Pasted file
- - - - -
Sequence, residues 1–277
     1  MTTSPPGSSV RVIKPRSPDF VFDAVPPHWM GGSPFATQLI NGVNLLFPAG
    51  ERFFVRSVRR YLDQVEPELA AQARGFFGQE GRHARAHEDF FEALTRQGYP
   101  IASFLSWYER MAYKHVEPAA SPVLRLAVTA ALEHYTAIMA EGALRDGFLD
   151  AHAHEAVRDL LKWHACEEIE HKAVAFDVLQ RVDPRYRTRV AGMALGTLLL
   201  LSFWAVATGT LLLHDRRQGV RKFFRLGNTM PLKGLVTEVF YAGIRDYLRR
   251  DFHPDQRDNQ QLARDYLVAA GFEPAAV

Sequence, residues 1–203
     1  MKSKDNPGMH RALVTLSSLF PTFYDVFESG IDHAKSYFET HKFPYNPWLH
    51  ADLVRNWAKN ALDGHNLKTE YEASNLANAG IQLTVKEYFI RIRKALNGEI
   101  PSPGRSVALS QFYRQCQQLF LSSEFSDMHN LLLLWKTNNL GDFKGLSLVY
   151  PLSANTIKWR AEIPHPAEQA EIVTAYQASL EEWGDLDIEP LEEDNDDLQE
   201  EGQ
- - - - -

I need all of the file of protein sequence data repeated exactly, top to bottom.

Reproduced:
Sequence, residues 1–277
     1  MTTSPPGSSV RVIKPRSPDF VFDAVPPHWM GGSPFATQLI NGVNLLFPAG
    51  ERFFVRSVRR YLDQVEPELA AQARGFFGQE GRHARAHEDF FEALTRQGYP
   101  IASFLSWYER MAYKHVEPAA SPVLRLAVTA ALEHYTAIMA EGALRDGFLD
   151  AHAHEAVRDL LKWHACEEIE HKAVAFDVLQ RVDPRYRTRV AGMALGTLLL
   201  LSFWAVATGT LLLHDRRQGV RKFFRLGNTM PLKGLVTEVF YAGIRDYLRR
   251  DFHPDQRDNQ QLARDYLVAA GFEPAAV

Sequence, residues 1–203
     1  MKSKDNPGMH RALVTLSSLF PTFYDVFESG IDHAKSYFET HKFPYNPWLH
    51  ADLVRNWAKN ALDGHNLKTE YEASNLANAG IQLTVKEYFI RIRKALNGEI
   101  PSPGRSVALS QFYRQCQQLF LSSEFSDMHN LLLLWKTNNL GDFKGLSLVY
   151  PLSANTIKWR AEIPHPAEQA EIVTAYQASL EEWGDLDIEP LEEDNDDLQE
   201  EGQ